Growing up I was ideologically opposed to emo music, something which I am happy has changed as I’ve gotten older. It is the explosive expression of pent up anxiety that post-hardcore bands like Touché Amoré specialise in that converted me. Touché Amoré’s sound has also changed substantially in the last decade. Their music is no less passionate or overwhelming but now includes jangly guitars and hidden pop melodies amongst the noise which makes me gravitate towards them further.
‘Limelight’, sung with a different accent, would compare well with the best post-punk revival tracks of the last 10 years. Definitely something for those who are tribal about the genres they subscribe to consider. The furious choruses are my favourite moment of this LP. The guitars on opening track ‘Come Heroine’ paint in primary colours, it is an instrumentally simple, four chord rock song with the motivation of shaking the listener – it succeeds. Title track ‘Lament’ is far tricksier in comparison, it is layered and detailed. New wave guitars clash with Jeremy Bolm’s strained vocals – it is shocking how laid bare and vulnerable he makes himself. “You’d think by now I’d know my place/ but I lose it almost every day”.
It’s not all as serious as this. ‘Reminders’ is a fragrant teen bop hit about reminding yourself of the good aspects of your life and personality – it is fitted out with cathartic, croaky scream-singing. I challenge anyone to at least not raise a smile to the delightfully charming and quirky chorus, it’s deeply engaging. Similarly ‘Feign’ has an almost camp, frivolous sensibility to it, hidden behind overt expressions of self-hatred and self-consciousness. It’s the most fun way I’ve ever seen these troubling themes presented.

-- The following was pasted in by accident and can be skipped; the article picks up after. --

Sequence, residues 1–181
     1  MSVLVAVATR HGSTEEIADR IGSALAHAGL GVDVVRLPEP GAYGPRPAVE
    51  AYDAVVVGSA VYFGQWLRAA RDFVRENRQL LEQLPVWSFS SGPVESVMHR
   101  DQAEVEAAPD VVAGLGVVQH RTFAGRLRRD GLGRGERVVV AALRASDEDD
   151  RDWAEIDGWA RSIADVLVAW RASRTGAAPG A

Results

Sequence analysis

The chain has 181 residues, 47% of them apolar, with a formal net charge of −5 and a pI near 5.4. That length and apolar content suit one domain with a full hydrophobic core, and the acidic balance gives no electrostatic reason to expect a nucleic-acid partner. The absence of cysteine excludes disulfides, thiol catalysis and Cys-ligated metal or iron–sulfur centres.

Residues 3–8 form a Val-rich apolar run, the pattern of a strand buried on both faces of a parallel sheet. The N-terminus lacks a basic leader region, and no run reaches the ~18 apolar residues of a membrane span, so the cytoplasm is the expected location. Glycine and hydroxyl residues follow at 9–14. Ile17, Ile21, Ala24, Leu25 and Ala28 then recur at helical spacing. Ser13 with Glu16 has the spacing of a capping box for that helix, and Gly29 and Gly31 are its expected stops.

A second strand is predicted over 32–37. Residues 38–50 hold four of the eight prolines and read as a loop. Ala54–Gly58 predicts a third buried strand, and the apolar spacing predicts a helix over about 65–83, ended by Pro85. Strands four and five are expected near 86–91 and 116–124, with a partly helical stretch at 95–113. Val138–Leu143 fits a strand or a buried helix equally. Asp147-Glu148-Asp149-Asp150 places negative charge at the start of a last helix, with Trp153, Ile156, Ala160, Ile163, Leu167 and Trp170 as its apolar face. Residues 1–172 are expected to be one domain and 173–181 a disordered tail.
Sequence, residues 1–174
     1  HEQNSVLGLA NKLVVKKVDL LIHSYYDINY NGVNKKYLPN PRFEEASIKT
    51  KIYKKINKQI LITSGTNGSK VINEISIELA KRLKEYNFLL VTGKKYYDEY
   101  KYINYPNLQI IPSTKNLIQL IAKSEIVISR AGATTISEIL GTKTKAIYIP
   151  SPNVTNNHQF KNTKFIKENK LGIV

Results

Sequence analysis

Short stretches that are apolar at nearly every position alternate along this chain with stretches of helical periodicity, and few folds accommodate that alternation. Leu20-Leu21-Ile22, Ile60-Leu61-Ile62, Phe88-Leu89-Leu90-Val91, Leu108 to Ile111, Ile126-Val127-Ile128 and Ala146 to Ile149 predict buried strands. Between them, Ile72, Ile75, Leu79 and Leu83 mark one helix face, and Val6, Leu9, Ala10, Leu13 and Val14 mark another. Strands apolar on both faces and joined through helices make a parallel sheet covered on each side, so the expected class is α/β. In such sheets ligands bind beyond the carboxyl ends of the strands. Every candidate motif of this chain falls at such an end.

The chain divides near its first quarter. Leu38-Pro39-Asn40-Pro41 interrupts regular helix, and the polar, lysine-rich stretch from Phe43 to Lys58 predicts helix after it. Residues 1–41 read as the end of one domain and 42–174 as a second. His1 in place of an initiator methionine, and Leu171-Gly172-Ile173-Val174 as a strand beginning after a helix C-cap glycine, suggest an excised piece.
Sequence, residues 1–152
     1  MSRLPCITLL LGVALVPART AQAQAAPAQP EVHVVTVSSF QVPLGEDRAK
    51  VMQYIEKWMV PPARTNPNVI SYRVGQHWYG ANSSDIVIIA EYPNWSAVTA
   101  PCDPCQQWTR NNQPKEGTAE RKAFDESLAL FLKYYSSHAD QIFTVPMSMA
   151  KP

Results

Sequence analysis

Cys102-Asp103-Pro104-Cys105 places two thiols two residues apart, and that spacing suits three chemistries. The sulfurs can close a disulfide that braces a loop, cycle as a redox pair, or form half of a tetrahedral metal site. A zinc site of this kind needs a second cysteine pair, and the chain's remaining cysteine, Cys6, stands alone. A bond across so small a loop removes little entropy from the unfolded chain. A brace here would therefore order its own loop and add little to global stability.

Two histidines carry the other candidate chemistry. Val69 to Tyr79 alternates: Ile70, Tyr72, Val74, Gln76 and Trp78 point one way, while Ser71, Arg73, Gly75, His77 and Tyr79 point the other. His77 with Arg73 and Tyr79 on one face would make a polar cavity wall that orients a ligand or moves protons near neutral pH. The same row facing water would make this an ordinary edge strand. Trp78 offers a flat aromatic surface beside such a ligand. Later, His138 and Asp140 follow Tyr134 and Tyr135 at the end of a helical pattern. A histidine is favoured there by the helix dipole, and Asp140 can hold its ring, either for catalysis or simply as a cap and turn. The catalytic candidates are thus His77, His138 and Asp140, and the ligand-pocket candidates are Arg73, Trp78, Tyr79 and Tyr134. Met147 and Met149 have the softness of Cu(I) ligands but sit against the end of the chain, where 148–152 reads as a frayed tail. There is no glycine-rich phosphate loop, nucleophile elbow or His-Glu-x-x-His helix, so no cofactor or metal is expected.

Effort is put into making sure there is enough light and shade across the record. There are enough quieter moments mixed in with the noisier, freeing ones. ‘Exit Row’ being a particularly dynamic example, continually switching out different layers of instrumentation each with completely different levels of intensity.
Despite some clear efforts to mix things up, the last third of the album sounds tired in comparison. ‘A Broadcast’ is an oddly tentative ballad for Touché Amoré, they sound outside of their comfort zone and fail to make an impression. When they then return the status quo, the songs ‘I’ll Be Your Host’ and ‘Deflector’ sound redundant as the same flavours have been explored in more effective ways earlier in the record. The weakest track is the closer ‘A Forecast’ where they fail to nail another half-hearted ballad before copping out and launching into the same characteristics as the bulk of the previous 10 songs. The spotlight is put on the lyrics in the quieter half of this track and reveals a rambling lack of focus. “I found the patience for jazz/ I still love the Coen brothers… So here’s the record closer/ still working out its intent/ I’m not sure what I’m after”.
Whilst there is a disappointing second half to Lament, the first 6 tracks are unmissable, essential rock songs. Touché Amoré easily has it in them to turn round a thrilling, impenetrable record, but to do so probably need to avoid breaking the half an hour mark.
Lament is out now on Epitaph.